im电竞官网-On 3 March 1932, grief united Bologna, the racing world and the Maserati family when Alfieri died suddenly from surgical complications. He was just 44 years old. The entire city came to a standstill for the funeral, with his death leaving a gaping hole in the family, the company and the city. To ensure Maserati’s continued success, Bindo, the eldest surviving brother, left his job at Isotta Fraschini to become chairman, with Ernesto stepping up to lead on technical innovation.
Faced with stiff competition from the German duo of Mercedes and Auto Union (now Audi), Maserati was forced to take decisive action in 1937 to continue its upward trajectory. Ernesto, Ettore and Bindo sold the company to the Orsi family, allowing them to focus solely on technical innovation rather than the day-to-day running of the business. The first fruit of the new set-up was the 8CTF “Boyle Special” – a modest car compared to the bells-and-whistles approach of the Germans, but a very fast one. It stormed the 1939 Indianapolis 500 at an average speed of 185km/h, making Maserati the first European marque to win the title. It would repeat the feat the following year.
Following the end of World War II, during which production at the new headquarters in Modena had been forced to shut down, Maserati immediately began work on a new breed of car: its very first GranTurismo. A two-door coupé designed by the legendary Sergio Pininfarina, it was christened the A6, for Alfieri, and became the first Maserati road car to go into production. It was also one of the last major projects headed up by Ernesto, Ettore and Bindo, who left the company shortly after.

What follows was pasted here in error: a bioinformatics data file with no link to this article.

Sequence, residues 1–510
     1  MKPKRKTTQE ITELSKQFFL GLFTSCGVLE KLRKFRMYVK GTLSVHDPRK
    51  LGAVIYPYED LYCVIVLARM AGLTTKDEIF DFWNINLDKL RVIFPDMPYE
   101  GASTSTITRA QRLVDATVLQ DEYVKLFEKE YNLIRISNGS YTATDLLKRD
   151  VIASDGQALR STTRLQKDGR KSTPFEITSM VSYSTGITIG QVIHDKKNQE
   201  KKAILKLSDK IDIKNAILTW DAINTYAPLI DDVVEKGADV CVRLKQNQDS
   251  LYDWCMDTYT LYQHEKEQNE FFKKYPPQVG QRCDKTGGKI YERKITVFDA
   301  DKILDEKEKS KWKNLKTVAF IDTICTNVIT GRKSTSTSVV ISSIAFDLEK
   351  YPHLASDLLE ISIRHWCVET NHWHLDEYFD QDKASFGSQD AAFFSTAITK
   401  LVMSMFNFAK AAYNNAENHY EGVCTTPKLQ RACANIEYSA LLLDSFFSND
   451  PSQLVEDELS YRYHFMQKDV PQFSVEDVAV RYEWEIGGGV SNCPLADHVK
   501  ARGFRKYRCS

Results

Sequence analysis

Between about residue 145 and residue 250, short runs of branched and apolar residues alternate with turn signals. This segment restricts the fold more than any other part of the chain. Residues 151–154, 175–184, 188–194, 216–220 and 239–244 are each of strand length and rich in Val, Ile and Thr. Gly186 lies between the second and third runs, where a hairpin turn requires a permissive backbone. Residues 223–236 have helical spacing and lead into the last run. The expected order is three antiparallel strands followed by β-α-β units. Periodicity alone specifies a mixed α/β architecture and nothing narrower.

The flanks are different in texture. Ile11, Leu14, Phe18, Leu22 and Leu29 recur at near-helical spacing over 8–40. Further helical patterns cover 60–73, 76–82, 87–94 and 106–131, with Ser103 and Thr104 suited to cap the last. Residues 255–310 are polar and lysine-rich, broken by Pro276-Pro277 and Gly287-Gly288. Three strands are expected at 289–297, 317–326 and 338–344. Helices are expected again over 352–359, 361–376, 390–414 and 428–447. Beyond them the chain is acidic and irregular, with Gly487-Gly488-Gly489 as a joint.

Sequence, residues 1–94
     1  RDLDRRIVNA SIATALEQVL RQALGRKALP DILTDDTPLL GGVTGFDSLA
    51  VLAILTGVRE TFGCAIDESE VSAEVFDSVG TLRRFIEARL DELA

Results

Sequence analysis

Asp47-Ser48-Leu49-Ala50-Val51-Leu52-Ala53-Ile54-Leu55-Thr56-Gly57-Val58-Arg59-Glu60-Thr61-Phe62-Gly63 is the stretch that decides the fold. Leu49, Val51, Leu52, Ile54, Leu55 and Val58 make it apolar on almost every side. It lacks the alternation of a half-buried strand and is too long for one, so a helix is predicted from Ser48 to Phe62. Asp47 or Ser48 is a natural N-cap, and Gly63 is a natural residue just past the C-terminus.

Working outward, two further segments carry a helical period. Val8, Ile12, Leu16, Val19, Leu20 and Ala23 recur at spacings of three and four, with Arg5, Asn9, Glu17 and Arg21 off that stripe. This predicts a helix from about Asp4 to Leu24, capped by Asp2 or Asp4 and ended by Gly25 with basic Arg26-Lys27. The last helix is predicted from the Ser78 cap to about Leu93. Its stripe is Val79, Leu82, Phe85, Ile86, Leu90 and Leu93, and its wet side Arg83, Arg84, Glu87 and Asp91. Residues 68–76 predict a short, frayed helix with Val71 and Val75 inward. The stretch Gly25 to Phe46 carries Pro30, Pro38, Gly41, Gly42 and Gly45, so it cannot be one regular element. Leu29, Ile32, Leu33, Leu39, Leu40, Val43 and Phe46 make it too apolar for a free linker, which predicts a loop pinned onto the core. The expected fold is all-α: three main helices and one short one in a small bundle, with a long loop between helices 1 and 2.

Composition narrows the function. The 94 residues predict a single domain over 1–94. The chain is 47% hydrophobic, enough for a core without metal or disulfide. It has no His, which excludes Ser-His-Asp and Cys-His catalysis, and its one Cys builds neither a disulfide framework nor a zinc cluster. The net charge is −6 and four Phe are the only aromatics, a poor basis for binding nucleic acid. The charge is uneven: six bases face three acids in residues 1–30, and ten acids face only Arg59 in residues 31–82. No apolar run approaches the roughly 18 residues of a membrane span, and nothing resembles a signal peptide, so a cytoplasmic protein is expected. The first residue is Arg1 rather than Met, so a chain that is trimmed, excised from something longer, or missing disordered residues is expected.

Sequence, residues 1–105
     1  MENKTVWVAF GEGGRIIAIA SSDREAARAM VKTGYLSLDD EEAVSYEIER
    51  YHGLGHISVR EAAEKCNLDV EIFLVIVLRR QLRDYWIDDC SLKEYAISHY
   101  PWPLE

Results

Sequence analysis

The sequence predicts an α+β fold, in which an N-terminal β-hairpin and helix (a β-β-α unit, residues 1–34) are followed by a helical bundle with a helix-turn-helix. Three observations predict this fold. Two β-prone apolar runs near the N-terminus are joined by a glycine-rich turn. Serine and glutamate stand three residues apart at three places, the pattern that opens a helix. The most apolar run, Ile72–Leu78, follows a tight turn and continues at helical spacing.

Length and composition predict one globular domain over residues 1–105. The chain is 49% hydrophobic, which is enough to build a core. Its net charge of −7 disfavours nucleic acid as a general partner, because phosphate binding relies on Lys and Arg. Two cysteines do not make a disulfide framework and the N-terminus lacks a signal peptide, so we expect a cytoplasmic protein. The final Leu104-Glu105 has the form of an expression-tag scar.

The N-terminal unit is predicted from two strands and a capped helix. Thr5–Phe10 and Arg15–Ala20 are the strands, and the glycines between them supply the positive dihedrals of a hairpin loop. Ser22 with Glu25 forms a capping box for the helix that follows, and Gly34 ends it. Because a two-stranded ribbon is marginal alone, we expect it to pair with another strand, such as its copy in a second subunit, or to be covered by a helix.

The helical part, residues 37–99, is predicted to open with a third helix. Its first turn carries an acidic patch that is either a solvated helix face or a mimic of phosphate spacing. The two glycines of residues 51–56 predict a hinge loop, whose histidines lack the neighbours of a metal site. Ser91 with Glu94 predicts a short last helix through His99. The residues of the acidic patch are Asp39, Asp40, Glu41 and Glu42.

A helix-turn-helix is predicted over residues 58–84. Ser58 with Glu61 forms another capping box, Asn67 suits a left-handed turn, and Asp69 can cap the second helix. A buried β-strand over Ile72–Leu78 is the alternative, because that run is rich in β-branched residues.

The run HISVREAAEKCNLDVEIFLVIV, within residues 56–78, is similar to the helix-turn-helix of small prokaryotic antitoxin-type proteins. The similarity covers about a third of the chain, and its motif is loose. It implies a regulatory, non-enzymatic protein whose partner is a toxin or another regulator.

The 1950s saw the birth of the Formula One world championship, with the new format bringing Maserati renewed success on the racetrack. In 1954, its legendary driver Juan Manuel Fangio won the Argentine and Belgian Grands Prix for Maserati before defecting to Mercedes-Benz mid-series. By 1956, Fangio had signed to Ferrari, intensifying the Modena brand’s rivalry with Maserati. Fangio won the series for Ferrari, but returned to Maserati the following year to drive a bright red 250F to victory.
im电竞官网-By the end of the decade, Maserati had begun to focus its efforts on luxury road cars. A prototype 3500 GT known as “the White Dame” debuted in 1957 and caught the attention of Iran’s outrageously wealthy emperor. He challenged Maserati engineer Giulio Alfieri to build him something even more opulent, resulting in the 5000 GT, or “the Shah of Persia”. An eight-cylinder racing engine in a 3500 GT chassis, it was finished with delicate gold and precious wood, and remains to this day a pinnacle of luxury car-making.
im电竞官网-The late 1960s saw Maserati forge a new relationship with Giorgetto Giugiaro, arguably the most influential automotive designer of modern times. The first result of the partnership was the Ghibli, a sporty eight-cylinder with dramatic lines, a sleek, shark-shaped nose and pop-up headlights. Named after an Egyptian desert storm wind, the Ghibli was initially conceived as a limited run of 100, but its popularity meant Maserati produced almost 1,300.